Directions: A 40 minute north from Ancona up the stunning coast

Cantina Di Sante

Here’s outreach indeed. The historic Di Sante organic farm at Carignano with 30Ha. of vineyards set in the Colli Pesaresi around Fano is now a leading educational base for food and wine both nationally and internationally. A ‘must visit’ should you happen to be in the region complete with tastings and winery tours. The tufa soils of the estate support a number of varietals including Bianchello, Sangiovese and Montepulciano – but the full range, including olive oil and grappas can be found in their wine shop in Fano itself. Recommended by  John Ducker.

Hours and visits: Open Monday – Sunday, email ahead on info@disantevini.it for a tour of the winery and olive groves. Oil and wines can be bought at the winery or at their shop in Fano.
Directions: A further 10 minutes up the coast from Bruscia

Società Agricola Ciù Ciù

Vegetarians and Vegans rejoice! Ciù Ciù is for you!

This certified organic family winery, founded in 1970 , lies ‘down south’ in the Ascoli Piceno area of Marche around the hill town of Offida, producing a full range of local white varietals including Verdicchio, Pecorino and Passerina, and premium reds including Montepulciano, Sangiovese, Barbera, Merlot and Cabernet. No animal products are used during the fining process…hence the headline. Their shop and tasting room is in Offida itself. Recommended by  John Ducker.

Hours and visits: Advised to fill out the form online here. with at least a week’s notice.
Directions: An hour and ten minute drive South of Ancona along the coast to San Benedetto del Tronto

Villa Bucci

Looking for textbook Verdicchio with real complexity and depth? There’ll be few places better to find it than in the Castelli di Jesi at Ostra Vetere. Ampelio Bucci’s Verdicchio Riserva from his 31 Ha. property must rank as one of Italy’s top white wines, from the lowest yields and strictest possible grape selection across different vineyard plots and with a finish in large Slavonian oak. Production also includes fine Sangiovese/Montepulciano reds in the Piceno DOC. Michaela Morris also says ‘No tour of Castelli di Jesi is complete without a visit to Villa Bucci.’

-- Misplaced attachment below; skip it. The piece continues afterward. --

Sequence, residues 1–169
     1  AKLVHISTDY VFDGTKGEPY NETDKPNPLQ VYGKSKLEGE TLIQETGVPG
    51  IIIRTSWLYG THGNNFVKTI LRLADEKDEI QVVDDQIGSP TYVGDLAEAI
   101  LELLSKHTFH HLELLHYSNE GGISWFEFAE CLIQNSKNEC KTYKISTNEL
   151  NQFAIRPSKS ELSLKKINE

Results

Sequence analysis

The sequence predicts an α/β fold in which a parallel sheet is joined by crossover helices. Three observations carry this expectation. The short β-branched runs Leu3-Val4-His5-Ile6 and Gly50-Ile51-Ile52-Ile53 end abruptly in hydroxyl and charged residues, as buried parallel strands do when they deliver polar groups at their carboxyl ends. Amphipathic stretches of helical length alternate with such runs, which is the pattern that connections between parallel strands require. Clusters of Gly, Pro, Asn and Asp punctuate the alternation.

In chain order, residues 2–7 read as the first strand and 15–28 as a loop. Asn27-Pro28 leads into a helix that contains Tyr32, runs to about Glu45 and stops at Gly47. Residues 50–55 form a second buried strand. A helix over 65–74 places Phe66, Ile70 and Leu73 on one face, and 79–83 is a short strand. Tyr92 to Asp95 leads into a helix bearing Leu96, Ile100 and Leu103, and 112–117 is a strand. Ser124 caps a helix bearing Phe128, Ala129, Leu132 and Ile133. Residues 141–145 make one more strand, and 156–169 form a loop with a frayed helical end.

Hours and visits: Fill out form online to arrange visit or email bucciwines@villabucci.com

Villa Bucci cellar

The cellars at Villa Bucci. Credit: Villa Bucci

Pievalta

For a lesson in the nuances of terroir, head to Pievalta. Here you can compare Verdicchio from the clay and limestone soil of Maiolati Spontini commune with those of the granitic sandstone of San Paolo di Jesi. Winemaker Alessandro Fenino takes willing guests into the vineyards for a crash-course in biodynamic viticulture. Recommended by Michaela Morris.

Wine shop open: Monday to Friday 9.00 – 12.00, 15.00 – 18.00. Tours available but book first+39 0731 705199

Sartarelli

The tasting room at Sartarelli doubles as a museum, giving a useful primer of the Jesi area while offering five styles of Verdicchio, from a charmat-method bubbly to a sweet passito. Recommended by Michaela Morris.

Wine shop open:  Monday – Friday 08.00 – 12.30 / 14.00 – 19.00, Saturday 08.00 – 13.00. Tours available, contact in advance.   +39 0731 89732

La Staffa

Another proponent of organics and biodynamics is rising star Riccardo Baldi at La Staffa. His vineyard is near the town of Staffolo, where the calcium carbonate-rich soil gives structured wines with pronounced minerality. For something completely different, ask to try his Verdicchio ‘pét-nat’ lightly sparkling wine. Recommended by Michaela Morris.